Arnold Kling  

Carnival of Catastrophe

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What do you do about an unsustainable path for the government Budget? Hold a Carnival. A blog carnival, that is, or a collection of posts. I submitted one of my classics to the carnival.

One of the more interesting takes, and a contrarian one, is from David D. Kent, who writes,


We could fund another Apollo program--which as I said, includes Mercury, Gemini, and Apollo missions, for LESS THAN WHAT WE GAVE AIG!!! We gave them $125 billion more last year alone than we gave NASA over 10 years to go to the freakin' MOON! How's that for some perspective?

He wants to a taxpayer-funded expedition to Mars.


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CATEGORIES: Fiscal Policy



COMMENTS (9 to date)
Granite26 writes:

If I've got to pay for other people's irresponsibilities left and right, the least they can do is throw me a bone and do something cool like send people to Mars

Ryan Vann writes:

I'm not sure I follow the suggestion. So, scientists and astronauts are the primary victims of a credit crunch? Realistically, how many jobs would a Nasa expansion create? Furthermore, are those likely to take NASA jobs really that exposed to job loss as a result of a slipping Economy?

If we are going to undertake giant public works programs, why not start with something that actually requires a lot of labor input and would have lasting production multiplier effects? My suggestion would be laying better electric lines, and maybe even some rail (both industrial and light rail). If all else fails, road expansion would be a nice way to reduce traffic, and thus emmissions

What exactly is gained by putting boots on Mars? Seems to me rovers are cheaper and just as effective as humans.

Ryan Vann writes:

Granite,

They already have rovers on Mars, which can stay there pretty much indefinitely. They can basically do everything an astronaut would be doing, and you don't have the additional cost of life support systems, which jacks the cost up incredibly.

Crawdad writes:

Let's not forget either, realistically, what he's talking about is overlaying this spending on top of all the other spending already going on. Does anybody really expect any of the currently funded programs to be cut to make way for more funding for NASA?

Also, I suspect that the numbers he's suggesting are 1960s' dollars. The costs of a program to Mars would easily surpass those costs if adjusted to today's dollar.

guthrie writes:

David's point was to put perspective on the bailout and seems to be suggesting that more good could have been done with that money by allowing AIG to fail. I agree.

And while I am all in favor of colonies on the Moon and Mars, I disagree that NASA is the right place to invest those funds... NASA ought to concentrate on what they do best: space and atmosphere science and research. They ought to get out of the transportation/life support business entirely.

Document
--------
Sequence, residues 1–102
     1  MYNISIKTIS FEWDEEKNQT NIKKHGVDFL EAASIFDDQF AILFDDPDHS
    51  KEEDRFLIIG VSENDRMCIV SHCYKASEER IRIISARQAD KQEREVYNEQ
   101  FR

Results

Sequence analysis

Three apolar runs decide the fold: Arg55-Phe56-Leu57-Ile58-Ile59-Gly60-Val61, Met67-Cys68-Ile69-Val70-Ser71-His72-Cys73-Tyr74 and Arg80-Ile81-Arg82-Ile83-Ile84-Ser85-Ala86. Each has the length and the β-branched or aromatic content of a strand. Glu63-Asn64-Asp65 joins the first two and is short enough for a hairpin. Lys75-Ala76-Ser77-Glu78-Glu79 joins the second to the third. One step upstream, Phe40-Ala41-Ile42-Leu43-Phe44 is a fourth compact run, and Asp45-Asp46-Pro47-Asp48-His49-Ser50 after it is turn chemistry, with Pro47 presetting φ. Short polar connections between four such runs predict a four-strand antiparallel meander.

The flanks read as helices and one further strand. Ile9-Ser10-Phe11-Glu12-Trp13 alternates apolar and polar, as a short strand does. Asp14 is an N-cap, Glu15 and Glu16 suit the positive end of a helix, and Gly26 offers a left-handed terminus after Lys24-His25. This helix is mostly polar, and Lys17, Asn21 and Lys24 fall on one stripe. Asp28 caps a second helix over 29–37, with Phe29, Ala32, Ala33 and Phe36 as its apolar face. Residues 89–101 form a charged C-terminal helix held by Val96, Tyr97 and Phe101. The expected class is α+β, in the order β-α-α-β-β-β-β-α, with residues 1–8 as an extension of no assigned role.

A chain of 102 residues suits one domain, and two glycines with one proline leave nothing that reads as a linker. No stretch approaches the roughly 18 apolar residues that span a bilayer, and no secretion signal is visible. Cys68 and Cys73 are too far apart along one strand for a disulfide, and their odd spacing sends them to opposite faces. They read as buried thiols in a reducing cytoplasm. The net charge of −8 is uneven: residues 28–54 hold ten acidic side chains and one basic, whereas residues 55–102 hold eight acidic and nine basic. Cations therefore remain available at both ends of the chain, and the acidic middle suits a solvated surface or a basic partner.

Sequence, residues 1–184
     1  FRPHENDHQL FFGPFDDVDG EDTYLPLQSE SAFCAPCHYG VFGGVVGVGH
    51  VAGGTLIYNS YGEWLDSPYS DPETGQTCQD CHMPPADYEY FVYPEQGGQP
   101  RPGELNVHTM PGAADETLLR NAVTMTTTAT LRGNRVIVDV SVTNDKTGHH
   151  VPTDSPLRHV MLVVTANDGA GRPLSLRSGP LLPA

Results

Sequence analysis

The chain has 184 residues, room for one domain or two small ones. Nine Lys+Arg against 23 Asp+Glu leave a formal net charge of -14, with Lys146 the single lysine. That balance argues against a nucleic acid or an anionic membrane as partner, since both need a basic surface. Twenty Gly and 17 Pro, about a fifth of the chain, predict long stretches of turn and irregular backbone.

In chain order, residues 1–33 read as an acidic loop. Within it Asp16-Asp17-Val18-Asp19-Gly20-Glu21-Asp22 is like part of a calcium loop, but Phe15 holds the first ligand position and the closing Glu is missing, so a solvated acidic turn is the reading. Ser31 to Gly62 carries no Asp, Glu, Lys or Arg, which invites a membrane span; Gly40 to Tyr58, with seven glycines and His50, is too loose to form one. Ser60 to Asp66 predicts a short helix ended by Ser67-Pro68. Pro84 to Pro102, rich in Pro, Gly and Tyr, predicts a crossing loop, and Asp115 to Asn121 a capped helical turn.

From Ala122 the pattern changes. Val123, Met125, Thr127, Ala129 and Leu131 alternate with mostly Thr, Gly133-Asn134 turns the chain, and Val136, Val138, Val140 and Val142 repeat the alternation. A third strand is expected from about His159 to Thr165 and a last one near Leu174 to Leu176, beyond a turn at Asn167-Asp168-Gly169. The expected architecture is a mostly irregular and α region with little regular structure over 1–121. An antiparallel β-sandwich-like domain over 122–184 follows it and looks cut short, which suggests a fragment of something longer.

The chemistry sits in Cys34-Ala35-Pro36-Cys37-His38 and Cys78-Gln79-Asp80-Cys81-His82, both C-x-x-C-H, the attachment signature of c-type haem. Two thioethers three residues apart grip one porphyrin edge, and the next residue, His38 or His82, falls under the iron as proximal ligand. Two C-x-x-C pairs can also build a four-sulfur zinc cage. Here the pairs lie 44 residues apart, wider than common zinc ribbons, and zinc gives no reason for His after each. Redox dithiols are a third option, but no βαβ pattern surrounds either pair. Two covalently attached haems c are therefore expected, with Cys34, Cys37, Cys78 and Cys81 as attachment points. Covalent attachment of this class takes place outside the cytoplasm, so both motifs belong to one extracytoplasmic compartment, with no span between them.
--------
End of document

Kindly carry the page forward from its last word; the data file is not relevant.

Ryan, robots do some things well, but can’t to everything. Machines malfunction, bits get misplaced or sent out of order, and for planetary scientists, being ‘sure’, means boots on the ground. Additionally, bases on the Moon and Mars would also create new markets and expand the economy while also creating solutions for various problems here on earth. But, I agree with your premise, that we ought not use (ultimately mismanaged) taxpayer funds to achieve this. Private enterprise will manage such things just fine once there is enough market demand and lowered government involvement.

Ryan Vann writes:

Guthrie,

I was under the assumption that a Mars expedition would be strictly an exploratory program; I don't see an attempt to put a base there happening anytime soon. In that regard, there is no comparing several million dollar machines, designed to go check Mars out, to people.

As for the bases, I really don't see how they would result in a net wealth gain for at least a couple hundred years. There is most likely money in space tourism to be had, but as far as production as a result from bases, I doubt it.

Granite26 writes:

I'm operating ENTIRELY based on the rule of cool.

I won't even pretend to argue that my beliefs have any more validity than a 10 year old screaming for ice cream

guthrie writes:

Ryan,

You're right. Reading David's post more carefully, it looks as if he's making a Mars trip analogous to the Apollo landings. I leapt to my area of interest, so I'm sorry about that!

Your skepticism is understandable, and not without warrant. There are tremendous physical and ephemeral barriers to (specifically) lunar production colonies. I would suggest however, given the current rate of technological advance, and given the resources available on the lunar surface (He3, Ti, Al, etc.), and given the economics of flight FROM the Moon (i.e.: it's cheaper to launch satellites from the moon to LEO/GEO than up from Earth), that overcoming these barriers is only a few decades away, rather than centuries. It will be far more difficult (but not impossible) getting the government to relax regulations on spaceflight than it will be to lower the transport cost to space, IMHO.

I won't belabor the point here, however. If this subject is of any interest to you, I recommend checking out the Moon Miner’s Manifesto article series at http://www.asi.org/adb/06/09/03/02/ (these articles were written primarily by Peter Kokh and members of the Lunar Reclamation Society, but their site is temporarily down).

Otherwise, no worries... ignore that and maintain your skepticism. It helps those of us who are more optimistic maintain our rigor! :)

guthrie writes:

Apologies for the double post!

[Fixed--Econlib Ed.]

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